(74.) The U.S. income averaging rules provided no relief for taxpayers with falling incomes.

(75.) VICKREY, supra note 9, at 169.

(76.) Id. at 180.

(77.) Education loans may be less risky than loans for general consumption purposes, notwithstanding the moral hazard and adverse selection problems, because I may be less likely to want access to funds that are being spent on the education if I do not actually plan to use it towards the goal of realizing high earnings.

(78.) See Gruber, supra note 7, at 582-83.

(79.) Golosov et al., supra note 47, at 332.

(80.) See FRIEDMAN, supra note 19, at 7-14; Modigliani & Blumberg, supra note 61, at 392.

(81.) FRIEDMAN, supra note 19, at 15. Friedman had precautionary saving particularly in mind. See id. at 16.

(82.) Id. at 16 (suggesting that uncertainty would encourage precautionary saving); Modigliani & Blumberg, supra note 61, at 392 (arguing that "a satisfactory theory can be developed without seriously coming to grips with this rather formidable problem"); id. at 428-29 (noting some ways in which uncertainty may affect saving).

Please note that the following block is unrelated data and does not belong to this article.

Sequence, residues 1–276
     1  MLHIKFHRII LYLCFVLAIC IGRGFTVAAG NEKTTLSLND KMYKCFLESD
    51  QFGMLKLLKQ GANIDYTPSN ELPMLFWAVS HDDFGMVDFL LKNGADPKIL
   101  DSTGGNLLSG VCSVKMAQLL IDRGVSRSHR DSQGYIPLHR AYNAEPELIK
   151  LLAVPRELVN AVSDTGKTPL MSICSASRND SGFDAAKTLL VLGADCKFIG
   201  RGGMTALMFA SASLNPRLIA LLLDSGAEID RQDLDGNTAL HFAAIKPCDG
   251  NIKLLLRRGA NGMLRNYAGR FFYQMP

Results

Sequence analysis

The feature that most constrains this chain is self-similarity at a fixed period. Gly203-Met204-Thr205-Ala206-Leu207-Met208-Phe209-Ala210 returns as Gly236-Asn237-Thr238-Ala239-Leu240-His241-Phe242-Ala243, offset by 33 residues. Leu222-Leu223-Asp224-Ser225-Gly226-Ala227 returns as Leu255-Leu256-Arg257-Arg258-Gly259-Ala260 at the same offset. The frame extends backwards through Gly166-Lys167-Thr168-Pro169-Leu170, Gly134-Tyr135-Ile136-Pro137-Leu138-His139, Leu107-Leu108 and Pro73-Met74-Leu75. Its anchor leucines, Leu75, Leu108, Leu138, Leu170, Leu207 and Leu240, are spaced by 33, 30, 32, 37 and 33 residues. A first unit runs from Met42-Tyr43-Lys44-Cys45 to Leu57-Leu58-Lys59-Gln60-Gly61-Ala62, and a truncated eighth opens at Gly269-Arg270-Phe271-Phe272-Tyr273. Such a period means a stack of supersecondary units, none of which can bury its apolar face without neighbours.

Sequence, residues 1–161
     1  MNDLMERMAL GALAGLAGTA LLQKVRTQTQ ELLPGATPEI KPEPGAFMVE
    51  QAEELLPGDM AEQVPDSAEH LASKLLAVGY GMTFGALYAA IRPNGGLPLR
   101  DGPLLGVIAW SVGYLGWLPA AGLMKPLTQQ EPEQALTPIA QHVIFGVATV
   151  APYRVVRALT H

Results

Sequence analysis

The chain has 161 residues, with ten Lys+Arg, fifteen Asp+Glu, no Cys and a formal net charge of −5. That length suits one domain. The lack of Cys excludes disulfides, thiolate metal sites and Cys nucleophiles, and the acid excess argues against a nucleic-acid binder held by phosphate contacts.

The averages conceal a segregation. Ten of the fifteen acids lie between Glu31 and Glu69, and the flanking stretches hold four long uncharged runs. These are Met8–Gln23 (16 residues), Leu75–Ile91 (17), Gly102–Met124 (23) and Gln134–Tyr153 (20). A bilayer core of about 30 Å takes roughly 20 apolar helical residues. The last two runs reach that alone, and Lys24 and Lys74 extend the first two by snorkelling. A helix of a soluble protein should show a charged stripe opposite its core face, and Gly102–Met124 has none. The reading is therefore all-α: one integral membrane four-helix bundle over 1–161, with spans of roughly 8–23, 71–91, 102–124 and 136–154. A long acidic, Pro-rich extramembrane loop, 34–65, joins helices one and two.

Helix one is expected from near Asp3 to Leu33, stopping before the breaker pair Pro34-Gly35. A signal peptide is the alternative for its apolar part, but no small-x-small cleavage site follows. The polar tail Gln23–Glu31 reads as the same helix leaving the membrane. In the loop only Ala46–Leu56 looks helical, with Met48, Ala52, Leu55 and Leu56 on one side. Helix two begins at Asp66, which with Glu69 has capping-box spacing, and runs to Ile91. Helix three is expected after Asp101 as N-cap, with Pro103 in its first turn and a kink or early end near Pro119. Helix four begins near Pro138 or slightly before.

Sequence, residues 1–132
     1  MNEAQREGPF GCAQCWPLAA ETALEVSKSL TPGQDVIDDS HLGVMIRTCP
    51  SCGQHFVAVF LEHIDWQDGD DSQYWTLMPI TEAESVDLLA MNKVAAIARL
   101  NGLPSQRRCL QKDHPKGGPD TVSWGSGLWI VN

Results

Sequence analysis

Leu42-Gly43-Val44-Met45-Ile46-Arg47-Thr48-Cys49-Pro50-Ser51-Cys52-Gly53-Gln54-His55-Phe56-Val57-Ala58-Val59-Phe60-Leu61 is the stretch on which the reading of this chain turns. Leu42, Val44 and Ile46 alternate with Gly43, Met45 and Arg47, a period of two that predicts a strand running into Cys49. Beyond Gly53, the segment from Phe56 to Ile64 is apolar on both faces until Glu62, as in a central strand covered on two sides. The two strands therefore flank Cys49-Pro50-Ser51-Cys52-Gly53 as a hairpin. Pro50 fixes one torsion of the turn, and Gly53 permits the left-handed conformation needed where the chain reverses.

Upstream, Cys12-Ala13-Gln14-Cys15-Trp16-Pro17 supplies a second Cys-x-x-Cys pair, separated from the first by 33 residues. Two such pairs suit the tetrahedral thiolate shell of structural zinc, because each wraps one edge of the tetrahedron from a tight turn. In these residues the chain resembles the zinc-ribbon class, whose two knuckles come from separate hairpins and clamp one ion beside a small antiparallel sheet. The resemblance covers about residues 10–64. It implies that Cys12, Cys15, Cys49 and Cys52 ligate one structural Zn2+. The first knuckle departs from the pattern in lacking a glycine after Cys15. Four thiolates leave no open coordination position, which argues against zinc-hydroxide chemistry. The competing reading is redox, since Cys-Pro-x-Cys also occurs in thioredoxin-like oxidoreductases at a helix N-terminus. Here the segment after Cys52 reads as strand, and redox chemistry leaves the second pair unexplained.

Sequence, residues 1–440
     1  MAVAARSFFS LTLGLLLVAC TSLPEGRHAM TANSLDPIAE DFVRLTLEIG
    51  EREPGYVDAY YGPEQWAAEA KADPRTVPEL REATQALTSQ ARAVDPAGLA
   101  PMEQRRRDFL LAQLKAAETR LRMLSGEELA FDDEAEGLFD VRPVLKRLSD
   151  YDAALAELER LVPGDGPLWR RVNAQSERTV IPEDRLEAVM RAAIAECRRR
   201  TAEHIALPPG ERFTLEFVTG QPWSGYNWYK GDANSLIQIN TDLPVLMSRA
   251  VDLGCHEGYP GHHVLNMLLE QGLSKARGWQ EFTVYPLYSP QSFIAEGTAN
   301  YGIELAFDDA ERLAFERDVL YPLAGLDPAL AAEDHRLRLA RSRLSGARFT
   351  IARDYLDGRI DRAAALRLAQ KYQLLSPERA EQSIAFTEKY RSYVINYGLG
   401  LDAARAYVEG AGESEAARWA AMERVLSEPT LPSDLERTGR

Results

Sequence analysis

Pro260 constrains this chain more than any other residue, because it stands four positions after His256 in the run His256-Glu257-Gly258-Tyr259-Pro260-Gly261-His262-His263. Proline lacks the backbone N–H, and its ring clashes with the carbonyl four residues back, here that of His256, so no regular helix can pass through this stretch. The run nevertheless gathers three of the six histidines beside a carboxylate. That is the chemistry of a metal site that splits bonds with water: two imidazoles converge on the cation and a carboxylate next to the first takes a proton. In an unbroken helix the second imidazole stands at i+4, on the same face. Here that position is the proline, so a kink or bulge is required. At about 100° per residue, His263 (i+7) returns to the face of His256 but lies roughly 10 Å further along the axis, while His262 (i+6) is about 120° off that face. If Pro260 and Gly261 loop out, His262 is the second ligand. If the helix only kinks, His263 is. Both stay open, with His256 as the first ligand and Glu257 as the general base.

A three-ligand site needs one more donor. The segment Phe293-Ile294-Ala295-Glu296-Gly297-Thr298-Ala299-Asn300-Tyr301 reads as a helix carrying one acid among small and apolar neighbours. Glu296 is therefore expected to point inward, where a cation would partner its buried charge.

(83.) As David Kamin has pointed out to me, this problem also arises in a purely annual system, where risky income may convey different total and marginal utility than certain income even if the amounts end up being equal ex post.

(84.) Golosov et al., supra note 47, at 17.

(85.) See Amy Finkelstein & James Poterba, Adverse Selection in Insurance Markets: Policyholder Evidence from the UK Annuity Market, 112 J. POL. ECON 183 (2004) (finding evidence of adverse selection in U.K. lifetime annuity markets). If life annuity markets are badly hampered by adverse selection, it is unclear why markets for life insurance are so robust, given that the two financial instruments reflect the same bet (whether the insured will die early or late), differing only in the side of the bet that the insured takes.